Bendigo is a city that is ‘built on gold’.
The bedrock on which the city is situated - marine sedimentary
slates, sandstones and mudstones showing only simple life forms
– had its origin some 500 million years ago. Over time these
layered deposits folded, running on a roughly north-south axis.
The strata were injected with gold-bearing quartz veins as the
earth’s crust deformed. The area was elevated by massive
earth movements some 60 million years ago but One Tree Hill –
a local high point – is now only 350m. above sea-level;
the vast amounts of erosion remnants have filled an ancient inland
depression to form the plains stretching north to the Murray River.
The first people of the region were the aboriginal clans of the
Dja Wrung tribe – their hunting grounds extended
over a significant proportion of present Victoria and they were
regarded by other tribes as a superior people, not only because
of their rich hunting grounds, but because the greenstone (diabase)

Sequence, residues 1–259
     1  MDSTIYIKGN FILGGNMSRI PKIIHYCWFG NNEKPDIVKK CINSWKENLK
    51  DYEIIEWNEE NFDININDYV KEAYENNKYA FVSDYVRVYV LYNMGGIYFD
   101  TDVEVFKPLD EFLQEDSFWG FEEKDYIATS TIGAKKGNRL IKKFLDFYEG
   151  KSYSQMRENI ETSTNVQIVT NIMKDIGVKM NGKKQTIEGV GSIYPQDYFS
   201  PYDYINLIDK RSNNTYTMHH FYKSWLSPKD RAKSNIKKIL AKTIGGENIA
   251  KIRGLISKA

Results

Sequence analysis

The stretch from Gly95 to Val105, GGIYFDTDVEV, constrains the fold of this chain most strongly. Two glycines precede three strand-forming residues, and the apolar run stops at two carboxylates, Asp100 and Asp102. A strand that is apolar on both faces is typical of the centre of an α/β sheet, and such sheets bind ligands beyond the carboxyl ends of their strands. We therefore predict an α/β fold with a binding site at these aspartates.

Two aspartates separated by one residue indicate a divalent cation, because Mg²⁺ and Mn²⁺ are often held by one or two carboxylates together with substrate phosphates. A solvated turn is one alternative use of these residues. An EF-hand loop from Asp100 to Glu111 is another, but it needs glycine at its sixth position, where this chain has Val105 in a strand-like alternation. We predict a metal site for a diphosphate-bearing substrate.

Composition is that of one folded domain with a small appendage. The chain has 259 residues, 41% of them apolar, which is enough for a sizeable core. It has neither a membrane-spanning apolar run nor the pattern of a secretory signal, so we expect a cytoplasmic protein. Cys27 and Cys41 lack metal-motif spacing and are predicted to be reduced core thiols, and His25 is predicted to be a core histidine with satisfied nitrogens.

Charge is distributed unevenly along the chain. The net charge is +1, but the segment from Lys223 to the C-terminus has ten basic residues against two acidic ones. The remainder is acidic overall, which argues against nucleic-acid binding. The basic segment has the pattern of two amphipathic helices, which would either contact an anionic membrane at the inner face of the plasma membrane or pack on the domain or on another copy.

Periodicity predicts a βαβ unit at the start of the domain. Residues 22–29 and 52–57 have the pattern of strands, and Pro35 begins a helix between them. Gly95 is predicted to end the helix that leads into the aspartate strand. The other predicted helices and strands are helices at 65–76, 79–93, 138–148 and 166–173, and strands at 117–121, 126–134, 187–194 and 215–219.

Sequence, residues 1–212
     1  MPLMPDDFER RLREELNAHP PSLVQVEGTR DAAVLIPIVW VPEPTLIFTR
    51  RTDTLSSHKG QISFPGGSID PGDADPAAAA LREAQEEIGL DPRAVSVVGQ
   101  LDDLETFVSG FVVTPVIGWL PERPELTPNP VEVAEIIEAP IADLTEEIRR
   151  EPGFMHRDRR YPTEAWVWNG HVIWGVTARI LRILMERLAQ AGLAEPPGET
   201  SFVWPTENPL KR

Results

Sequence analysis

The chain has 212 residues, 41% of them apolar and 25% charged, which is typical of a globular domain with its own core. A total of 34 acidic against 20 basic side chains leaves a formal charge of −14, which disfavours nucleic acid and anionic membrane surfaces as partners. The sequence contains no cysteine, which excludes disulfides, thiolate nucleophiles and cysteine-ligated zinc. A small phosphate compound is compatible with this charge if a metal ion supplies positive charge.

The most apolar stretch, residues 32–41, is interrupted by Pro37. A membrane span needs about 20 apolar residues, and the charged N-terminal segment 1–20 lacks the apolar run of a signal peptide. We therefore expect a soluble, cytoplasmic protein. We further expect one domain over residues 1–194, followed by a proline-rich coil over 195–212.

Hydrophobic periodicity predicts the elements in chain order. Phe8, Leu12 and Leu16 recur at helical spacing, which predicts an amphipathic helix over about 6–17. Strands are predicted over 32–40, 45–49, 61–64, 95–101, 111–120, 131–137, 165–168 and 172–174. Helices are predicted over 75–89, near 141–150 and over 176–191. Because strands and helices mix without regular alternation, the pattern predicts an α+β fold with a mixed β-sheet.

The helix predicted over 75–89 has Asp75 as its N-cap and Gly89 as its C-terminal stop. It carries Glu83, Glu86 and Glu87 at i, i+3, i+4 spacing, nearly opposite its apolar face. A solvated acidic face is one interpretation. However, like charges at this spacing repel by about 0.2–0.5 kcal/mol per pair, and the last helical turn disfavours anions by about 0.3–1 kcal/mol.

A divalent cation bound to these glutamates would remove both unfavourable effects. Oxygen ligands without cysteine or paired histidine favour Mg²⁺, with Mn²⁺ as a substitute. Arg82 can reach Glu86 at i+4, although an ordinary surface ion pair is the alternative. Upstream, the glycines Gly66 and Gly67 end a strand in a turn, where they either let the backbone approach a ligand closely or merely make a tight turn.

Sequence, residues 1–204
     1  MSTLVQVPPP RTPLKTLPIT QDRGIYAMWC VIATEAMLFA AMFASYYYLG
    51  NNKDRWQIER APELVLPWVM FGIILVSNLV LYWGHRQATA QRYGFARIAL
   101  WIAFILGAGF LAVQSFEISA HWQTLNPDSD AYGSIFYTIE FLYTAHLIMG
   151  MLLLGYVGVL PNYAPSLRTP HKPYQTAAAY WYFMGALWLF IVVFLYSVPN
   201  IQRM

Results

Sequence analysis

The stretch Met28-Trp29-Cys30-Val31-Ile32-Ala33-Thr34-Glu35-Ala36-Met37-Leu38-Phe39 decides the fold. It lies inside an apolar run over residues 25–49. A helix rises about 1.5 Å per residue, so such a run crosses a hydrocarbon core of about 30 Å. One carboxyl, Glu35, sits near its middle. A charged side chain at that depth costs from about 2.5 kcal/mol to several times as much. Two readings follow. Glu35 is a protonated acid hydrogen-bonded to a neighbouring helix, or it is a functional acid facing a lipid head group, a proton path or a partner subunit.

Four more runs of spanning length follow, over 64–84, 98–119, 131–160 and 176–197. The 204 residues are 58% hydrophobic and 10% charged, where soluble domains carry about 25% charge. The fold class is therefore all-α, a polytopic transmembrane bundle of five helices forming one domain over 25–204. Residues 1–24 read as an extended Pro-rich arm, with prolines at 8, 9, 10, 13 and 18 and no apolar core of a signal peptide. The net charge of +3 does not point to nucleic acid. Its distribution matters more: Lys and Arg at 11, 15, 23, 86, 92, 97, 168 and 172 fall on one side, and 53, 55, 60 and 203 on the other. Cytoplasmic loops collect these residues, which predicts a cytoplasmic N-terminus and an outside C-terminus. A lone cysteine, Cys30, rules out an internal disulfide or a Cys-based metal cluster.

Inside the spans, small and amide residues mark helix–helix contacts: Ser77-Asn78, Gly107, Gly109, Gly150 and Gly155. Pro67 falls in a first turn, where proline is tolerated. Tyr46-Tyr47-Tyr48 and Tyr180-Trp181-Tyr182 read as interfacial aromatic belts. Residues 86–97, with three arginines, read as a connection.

rock for stone axes was to be found in the area. Never in great
numbers and despite some efforts by government-appointed Protectors,
only remnants of the Dja Dja tribe persisted after the sheepmen’s
Through these tribal lands came the explorer Major Mitchell in
1836 and following him came to squatters to take up the land.
The Ravenswood sheep run to the south of the present city was
to be instrumental in the discovery of the region’s gold
riches though in the intervening decade or so life consisted largely
of simple living in a slab hut on a diet of damper, mutton and
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